About "Leukos"

It was late winter in 1983 and I was in Provincetown for the annual "whale-naming party". I had been a whale watch naturalist since 1980, but this was the first time I was able to join in the yearly naming of newly sighted humpback whales. One new whale up for a name had mostly white pigmentation on the ventral side of its flukes, and I suggested the name "Leukos". When asked for the derivation, I stated that "leukos" was the Greek word for "white", as in "leukemia" (for "white blood", taken from "leukos" and "haima"). And, thus, Leukos became "my" first whale...


Leukos is still a fairly regular Massachusetts Bay whale. I have seen her (yes - she's a female) on a number of occasions since she had first been sighted in 1982, but I certainly have not seen her every year. She has raised six known calves so far - "Kilter" (1989), "Tunguska" (1997), "Goldengate" (2000), "Thimble" (2003), and two unnamed (as of yet) young whales (2008 and 2010). The four named offspring have all turned out to be males, but the sex of the last two animals is still unknown (to us).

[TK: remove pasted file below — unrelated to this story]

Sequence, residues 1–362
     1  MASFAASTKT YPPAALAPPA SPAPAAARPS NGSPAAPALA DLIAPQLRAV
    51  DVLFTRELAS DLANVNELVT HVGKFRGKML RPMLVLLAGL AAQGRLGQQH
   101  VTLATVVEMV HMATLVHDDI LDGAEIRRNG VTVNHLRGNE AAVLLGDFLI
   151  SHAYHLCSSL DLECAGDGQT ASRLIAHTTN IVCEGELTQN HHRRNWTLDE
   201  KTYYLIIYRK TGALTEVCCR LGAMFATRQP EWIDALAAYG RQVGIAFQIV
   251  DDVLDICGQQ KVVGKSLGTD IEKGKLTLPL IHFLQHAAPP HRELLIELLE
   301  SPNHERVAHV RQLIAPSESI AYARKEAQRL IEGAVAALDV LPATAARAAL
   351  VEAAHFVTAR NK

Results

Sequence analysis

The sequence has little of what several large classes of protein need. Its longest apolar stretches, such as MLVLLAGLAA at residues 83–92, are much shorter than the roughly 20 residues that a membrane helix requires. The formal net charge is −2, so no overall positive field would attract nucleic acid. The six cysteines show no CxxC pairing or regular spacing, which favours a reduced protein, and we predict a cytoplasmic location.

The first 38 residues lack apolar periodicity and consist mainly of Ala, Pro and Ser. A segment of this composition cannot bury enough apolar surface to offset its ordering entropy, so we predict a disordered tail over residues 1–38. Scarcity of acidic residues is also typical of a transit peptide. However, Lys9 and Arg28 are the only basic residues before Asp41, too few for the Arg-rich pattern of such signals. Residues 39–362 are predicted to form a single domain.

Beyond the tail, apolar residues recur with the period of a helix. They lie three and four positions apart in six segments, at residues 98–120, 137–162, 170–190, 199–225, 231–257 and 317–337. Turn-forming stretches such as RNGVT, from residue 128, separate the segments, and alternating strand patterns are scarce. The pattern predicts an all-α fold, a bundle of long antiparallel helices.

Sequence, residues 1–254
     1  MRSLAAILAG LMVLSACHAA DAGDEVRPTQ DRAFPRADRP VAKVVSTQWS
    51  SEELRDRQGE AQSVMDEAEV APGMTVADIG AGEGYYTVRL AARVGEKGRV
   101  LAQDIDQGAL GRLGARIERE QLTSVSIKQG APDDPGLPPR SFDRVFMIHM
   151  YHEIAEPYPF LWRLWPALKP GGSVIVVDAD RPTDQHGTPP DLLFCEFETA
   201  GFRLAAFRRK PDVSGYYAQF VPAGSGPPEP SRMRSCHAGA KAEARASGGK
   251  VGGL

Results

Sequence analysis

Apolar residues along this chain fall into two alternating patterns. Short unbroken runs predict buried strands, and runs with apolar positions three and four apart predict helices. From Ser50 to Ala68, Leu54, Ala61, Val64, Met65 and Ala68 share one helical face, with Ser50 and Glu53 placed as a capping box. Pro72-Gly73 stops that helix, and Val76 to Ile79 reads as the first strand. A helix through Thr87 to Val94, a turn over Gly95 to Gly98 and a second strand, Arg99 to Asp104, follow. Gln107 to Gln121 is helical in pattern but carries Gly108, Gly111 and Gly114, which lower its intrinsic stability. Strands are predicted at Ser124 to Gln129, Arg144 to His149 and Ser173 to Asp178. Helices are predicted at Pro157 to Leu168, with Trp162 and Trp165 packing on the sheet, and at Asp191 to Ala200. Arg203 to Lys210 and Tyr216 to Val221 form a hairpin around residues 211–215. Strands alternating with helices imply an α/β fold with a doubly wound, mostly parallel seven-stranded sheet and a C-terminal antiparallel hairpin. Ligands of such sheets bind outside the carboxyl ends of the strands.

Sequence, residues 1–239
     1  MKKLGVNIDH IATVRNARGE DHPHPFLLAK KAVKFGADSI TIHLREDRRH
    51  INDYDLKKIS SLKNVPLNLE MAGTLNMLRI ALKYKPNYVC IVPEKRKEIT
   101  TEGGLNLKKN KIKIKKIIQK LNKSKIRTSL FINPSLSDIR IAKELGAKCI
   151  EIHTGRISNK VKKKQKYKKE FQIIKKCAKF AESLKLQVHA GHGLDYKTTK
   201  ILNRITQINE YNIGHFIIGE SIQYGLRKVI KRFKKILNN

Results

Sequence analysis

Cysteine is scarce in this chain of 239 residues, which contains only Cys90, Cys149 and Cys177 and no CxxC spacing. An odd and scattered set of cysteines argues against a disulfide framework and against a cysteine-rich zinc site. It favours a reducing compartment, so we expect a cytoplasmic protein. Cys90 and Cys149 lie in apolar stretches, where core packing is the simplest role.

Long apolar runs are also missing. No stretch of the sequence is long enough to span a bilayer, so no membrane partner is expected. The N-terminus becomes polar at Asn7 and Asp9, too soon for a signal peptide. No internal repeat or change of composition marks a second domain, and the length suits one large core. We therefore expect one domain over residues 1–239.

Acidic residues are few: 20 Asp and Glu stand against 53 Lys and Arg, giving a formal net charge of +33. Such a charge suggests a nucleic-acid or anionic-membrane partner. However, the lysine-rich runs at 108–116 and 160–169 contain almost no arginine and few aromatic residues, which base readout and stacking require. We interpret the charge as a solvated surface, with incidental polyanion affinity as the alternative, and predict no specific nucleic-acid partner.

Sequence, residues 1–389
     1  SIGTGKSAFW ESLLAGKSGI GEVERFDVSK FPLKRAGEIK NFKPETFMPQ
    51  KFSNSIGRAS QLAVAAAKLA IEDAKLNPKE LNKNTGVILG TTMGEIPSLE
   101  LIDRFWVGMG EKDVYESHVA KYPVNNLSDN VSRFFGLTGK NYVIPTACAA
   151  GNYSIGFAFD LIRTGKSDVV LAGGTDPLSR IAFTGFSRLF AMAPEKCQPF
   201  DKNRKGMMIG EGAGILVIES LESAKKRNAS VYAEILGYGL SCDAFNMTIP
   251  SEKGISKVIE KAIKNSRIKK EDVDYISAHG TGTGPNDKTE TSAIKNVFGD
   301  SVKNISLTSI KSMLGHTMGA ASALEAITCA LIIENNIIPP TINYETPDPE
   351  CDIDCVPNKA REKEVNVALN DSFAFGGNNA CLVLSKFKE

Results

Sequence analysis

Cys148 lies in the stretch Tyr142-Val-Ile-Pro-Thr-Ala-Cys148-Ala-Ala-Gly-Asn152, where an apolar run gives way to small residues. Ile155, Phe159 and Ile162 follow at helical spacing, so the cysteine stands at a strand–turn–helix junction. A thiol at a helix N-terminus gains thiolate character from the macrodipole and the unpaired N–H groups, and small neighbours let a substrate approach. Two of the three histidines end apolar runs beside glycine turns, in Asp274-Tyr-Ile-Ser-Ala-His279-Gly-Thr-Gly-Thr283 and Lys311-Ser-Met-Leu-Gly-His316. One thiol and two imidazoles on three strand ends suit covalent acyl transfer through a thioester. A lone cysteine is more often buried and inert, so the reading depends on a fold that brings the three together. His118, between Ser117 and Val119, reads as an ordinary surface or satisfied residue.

Leukos was seen again in 2011, without any calf, but that was expected (since humpbacks do not usually have back-to-back calves, and since the calves generally stay with their moms only for the first year). Leukos was also seen in 2012, again without a calf, but not in Massachusetts waters - she was spotted off the west end of Nova Scotia. Life goes on.

But I do hope to see Leukos again...

[Thanks to fellow naturalists Regina Asmutis-Silvia, Carol Carson, and Jooke
Robbins for helping to verify the above biographical details for Leukos.]